Numbers, such as the fact that almost two thirds of offences in one Police Zone were committed by children living away from their birth father, even though they made up less than 20% of households, are now well known.

Bringing up kids isn't easy for two parents, let alone one. It takes compassion and care. Sometimes the emotional investment is almost too much to bear. If kids get sick, or teased and bullied at school, if they fail a test, or don’t reach a goal they’ve set themselves, when they have their hearts broken as they inevitably do, you feel every twinge of their anguish. It can be as tough on the parents as it can be on the child. They're our link to the future. To see them grow and be happy, achieve their aspirations and try and turn their corners of the world into better places makes it all worthwhile.

But it's hard work. Whoever wrote the Book of Ecclesiastes was right. To everything there is a season and a time for every purpose under heaven. Sometimes you have to cuddle children, sometimes you have to shout at them, sometimes cajole, sometime s congratulate, sometimes inspire, sometimes tweak the little bugger's ears when they're being absolute toe-rags.

I, for one, felt like a changed man after reading about some kids who killed a pizza delivery man. We can only extract understanding of life by applying some thinking to it.

By writing about it I got my thoughts together. So, for a few hours, I held the crayons for life's colouring book. I tried to apply each colour carefully, to compose a coherent picture rather than the angry, abstract daub rage would produce.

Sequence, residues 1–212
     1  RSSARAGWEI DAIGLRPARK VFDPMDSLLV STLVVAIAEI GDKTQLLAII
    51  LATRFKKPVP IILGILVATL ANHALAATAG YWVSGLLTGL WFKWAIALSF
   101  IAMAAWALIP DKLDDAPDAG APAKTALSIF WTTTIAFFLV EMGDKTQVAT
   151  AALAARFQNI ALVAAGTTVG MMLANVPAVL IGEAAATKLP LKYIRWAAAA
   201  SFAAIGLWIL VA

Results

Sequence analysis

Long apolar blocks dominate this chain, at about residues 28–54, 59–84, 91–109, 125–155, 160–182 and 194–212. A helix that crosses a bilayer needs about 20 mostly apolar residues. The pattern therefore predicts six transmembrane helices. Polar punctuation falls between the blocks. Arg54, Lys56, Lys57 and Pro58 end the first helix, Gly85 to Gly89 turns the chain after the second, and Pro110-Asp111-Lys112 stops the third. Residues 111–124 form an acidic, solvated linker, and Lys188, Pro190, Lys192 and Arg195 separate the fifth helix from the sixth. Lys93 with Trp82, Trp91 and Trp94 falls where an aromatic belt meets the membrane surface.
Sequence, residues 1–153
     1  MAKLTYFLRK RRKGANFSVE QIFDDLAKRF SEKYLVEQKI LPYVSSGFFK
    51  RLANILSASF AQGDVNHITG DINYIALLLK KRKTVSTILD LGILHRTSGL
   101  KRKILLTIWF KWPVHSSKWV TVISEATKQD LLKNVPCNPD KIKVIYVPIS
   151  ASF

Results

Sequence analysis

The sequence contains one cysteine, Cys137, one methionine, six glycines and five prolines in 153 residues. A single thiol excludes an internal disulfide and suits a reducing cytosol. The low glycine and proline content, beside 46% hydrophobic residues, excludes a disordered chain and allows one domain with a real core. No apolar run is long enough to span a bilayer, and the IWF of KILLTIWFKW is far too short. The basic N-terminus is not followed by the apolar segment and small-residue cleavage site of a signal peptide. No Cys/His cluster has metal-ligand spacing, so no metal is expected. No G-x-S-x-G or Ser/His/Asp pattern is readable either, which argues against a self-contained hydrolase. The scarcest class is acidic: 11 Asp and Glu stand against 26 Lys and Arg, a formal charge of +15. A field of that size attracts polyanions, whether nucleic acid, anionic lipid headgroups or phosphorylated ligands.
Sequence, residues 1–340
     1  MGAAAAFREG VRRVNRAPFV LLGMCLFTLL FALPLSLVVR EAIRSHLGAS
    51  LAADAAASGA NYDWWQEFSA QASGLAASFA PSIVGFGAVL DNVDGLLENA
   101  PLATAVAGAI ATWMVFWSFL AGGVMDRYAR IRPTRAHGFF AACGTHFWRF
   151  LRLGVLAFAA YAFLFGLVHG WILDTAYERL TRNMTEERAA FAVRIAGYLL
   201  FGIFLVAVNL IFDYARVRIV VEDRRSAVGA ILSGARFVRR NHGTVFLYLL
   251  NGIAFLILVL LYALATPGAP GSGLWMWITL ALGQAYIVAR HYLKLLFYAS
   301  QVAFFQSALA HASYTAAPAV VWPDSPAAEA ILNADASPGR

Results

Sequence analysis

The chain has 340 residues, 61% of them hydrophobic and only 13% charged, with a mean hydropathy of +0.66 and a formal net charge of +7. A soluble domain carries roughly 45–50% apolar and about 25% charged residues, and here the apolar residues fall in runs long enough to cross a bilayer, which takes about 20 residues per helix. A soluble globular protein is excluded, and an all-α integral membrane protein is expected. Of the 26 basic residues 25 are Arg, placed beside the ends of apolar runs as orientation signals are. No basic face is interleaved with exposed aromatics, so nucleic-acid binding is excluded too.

The image wasn’t clear when I started but after a time the word VALUES appeared, in capital letters.

Once again I was fired by my mate's observation. Life is made pointless by passivity. We numbly read horrific news, swallowing information such as "man killed by teens " without allowing our reactions to become manifest beyond internal rage. Unfortunately most anti-social acts don't cause us to ask the questions that will generate the response they deserve.

It seems to me that many of our kids are growing up without a values framework around which to build their lives. And I'm not moralising here. I'm not talking religious based morality. You can build a system of morality without God.

Nor am I saying all moral codes have equal value. They plainly don’t. But there's one universal code. It's called the Golden Rule. It pre-existed every monotheistic religious movement and is common to all humanity. It's about doing unto others as you would have them do unto you. We shouldn’t tolerate anything else.

On the other hand, while many kids don’t have a sound values system, we seem to be ruining the rest by sanitising their world. By removing obstacles and challenges we have diminished their urge to strive. By cocooning them we have made them soft. By making it too easy for them as children we have made it too hard for them as adults. By not establishing clear boundaries and expectations for them we have bred generations of hedonistic binge drinkers. When they get out into the real world they find it’s a tougher place than we ever taught them.

Are we surprised that we are struggling to win many international sporting events?

In our kindness we have become cruel. Too much positive reinforcement and not enough negative reinforcement have taught our children that mediocrity is acceptable. Erroneously they think that doing their best makes them winners. They are more preoccupied with self-esteem and self-indulgence than with selflessness.